Nov. 6, 2009 -- While frequent exercise is known to fight obesity and improve mental health, as little as 30 minutes of physical activity one or two days a week can have benefits, according to the 2009 Gallup-Healthways Well-Being Index.
The Well-Being Index is based on nearly 288,000 phone interviews of people 18 and older. It shows the number of days a person exercises for at least 30 minutes is strongly connected with the likelihood of obesity:
- Not exercising in a given week was associated with a 35% incidence of obesity.
- Exercising for 30 minutes, 1-2 days a week, was associated with a 28% incidence of obesity
However, the survey also showed that those who exercised every day were slightly more likely to be obese (20%) than those who say they exercised five or six days (19%).
Gallup-Healthways analyst Brett W. Pelham, author of the 2009 report, tells WebMD in an email that "exercising several days a week seems about as good, and arguably is better, than exercising every day, especially when you consider return on investment."
The survey also looked at the connection between the number of days of exercise and quality of life; it included questions to determine if people felt they were struggling, suffering, or thriving in life. As little as a half-hour daily of exercise for one or two days seemed to help their self-perceptions.
People who exercised more frequently had a higher payoff in their evaluation-of-life response, according to the report. Once again, there was a substantial drop for those who exercised every day.
According to the Gallup survey report, the data cannot tell us whether exercise leads to high well-being or whether high well-being leads to exercise, but they do suggest that getting the maximum amount of exercise may not promote further gains in well-being.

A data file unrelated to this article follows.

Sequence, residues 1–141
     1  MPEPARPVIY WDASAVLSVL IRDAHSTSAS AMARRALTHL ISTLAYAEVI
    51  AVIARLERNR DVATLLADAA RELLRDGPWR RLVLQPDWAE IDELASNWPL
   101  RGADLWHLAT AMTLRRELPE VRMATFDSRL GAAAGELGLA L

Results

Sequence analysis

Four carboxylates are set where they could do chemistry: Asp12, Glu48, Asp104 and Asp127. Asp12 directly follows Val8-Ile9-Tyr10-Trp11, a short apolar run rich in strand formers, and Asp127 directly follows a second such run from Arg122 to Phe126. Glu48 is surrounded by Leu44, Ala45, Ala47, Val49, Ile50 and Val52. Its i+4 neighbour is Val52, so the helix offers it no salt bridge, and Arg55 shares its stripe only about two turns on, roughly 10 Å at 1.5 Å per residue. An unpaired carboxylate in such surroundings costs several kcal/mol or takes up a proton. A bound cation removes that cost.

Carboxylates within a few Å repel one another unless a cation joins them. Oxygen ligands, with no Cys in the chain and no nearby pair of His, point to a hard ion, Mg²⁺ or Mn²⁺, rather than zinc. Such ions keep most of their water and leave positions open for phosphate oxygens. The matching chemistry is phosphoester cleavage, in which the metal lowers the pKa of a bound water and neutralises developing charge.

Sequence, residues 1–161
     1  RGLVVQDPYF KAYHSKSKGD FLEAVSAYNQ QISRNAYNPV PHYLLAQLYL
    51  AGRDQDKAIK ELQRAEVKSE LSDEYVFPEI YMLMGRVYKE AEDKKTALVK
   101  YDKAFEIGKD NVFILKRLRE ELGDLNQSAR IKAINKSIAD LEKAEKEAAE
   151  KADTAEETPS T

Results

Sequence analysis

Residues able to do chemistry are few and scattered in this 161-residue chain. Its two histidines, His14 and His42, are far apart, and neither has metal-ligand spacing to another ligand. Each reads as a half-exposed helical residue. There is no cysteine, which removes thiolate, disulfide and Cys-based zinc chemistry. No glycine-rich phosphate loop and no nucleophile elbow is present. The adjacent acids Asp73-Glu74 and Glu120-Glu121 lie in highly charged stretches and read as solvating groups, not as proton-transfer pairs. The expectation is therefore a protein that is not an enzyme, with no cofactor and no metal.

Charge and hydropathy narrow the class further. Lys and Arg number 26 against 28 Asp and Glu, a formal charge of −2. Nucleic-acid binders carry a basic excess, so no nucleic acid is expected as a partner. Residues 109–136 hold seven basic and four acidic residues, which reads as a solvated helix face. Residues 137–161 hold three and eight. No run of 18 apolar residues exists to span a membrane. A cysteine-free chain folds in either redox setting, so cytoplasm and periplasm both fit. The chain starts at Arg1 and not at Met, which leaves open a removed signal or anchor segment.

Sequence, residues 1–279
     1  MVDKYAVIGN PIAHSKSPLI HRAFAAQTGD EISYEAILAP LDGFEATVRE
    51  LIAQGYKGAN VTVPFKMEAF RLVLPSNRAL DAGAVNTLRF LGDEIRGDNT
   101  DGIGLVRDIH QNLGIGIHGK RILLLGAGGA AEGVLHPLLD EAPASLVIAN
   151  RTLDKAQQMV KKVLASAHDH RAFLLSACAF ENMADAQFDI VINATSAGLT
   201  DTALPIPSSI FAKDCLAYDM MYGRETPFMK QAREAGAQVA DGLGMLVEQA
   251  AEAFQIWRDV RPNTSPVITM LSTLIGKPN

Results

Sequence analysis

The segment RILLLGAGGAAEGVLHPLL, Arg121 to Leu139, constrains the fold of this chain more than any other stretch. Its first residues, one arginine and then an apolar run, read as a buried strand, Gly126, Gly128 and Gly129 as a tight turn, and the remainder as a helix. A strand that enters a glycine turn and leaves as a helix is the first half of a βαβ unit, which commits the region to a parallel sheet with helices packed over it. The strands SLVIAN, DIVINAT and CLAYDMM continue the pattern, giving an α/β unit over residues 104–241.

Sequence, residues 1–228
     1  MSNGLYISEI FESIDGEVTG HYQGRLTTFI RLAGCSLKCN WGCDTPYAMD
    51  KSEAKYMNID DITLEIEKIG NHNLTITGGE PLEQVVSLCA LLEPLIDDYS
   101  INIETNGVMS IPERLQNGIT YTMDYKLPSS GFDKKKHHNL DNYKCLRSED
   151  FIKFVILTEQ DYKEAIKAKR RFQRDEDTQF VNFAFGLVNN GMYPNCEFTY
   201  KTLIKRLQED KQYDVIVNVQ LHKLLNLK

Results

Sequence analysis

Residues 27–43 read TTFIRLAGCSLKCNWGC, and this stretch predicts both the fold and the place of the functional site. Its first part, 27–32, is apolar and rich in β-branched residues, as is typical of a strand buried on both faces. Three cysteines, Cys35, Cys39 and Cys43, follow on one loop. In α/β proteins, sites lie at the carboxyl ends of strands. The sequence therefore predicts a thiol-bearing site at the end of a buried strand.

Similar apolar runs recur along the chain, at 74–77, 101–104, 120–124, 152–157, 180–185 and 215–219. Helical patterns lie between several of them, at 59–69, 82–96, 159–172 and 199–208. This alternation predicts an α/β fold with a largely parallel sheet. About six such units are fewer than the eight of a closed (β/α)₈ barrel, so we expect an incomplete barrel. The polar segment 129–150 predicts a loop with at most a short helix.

Exercise and Emotional Health
The Gallup-Healthways Well-Being Index also contains a measure of emotional health, based on 10 daily experiences, such as smiling or laughing a lot or being treated with respect the day before they were interviewed.
Those who didn't exercise at all earned a score of 74, compared to higher scores for those who worked out one or two days per week or more. Yet, for those who report having exercised every day, the survey showed slightly lower Emotional Health Index scores than those who say they exercised five to six days. Again, the score dropped for people who said they exercised seven days a week.
The Gallup-Healthways Well-Being Index also examined depression and found it too was related to exercise. People who report not having exercised in the past week are almost twice as likely to have been diagnosed with depression as those who claim to have exercised five to six days, the report says.
People who reported exercising daily were more likely to report having been diagnosed with depression than those who exercised three to four days or five to six days in the previous week.
"One cannot say whether regular exercise reduces depression or whether depression reduces exercise," Pelham writes. "However, in the past decade, researchers have conducted experimental and prospective studies that followed depressed people over time. Such studies show exercise can ease feelings of depression and improve mood."
Pelham's report says an intense exercise regimen could be physiologically and psychologically taxing, because physical activity takes up considerable time and energy.
"Exercising without ever giving one's body time to rest may be less ideal than exercising five to six days per week," he writes.
"The findings not only support the notion that exercise may boost well-being, but they also suggest that it is not necessary to exercise every day of the week to reap meaningful physical and psychological benefits," says the report.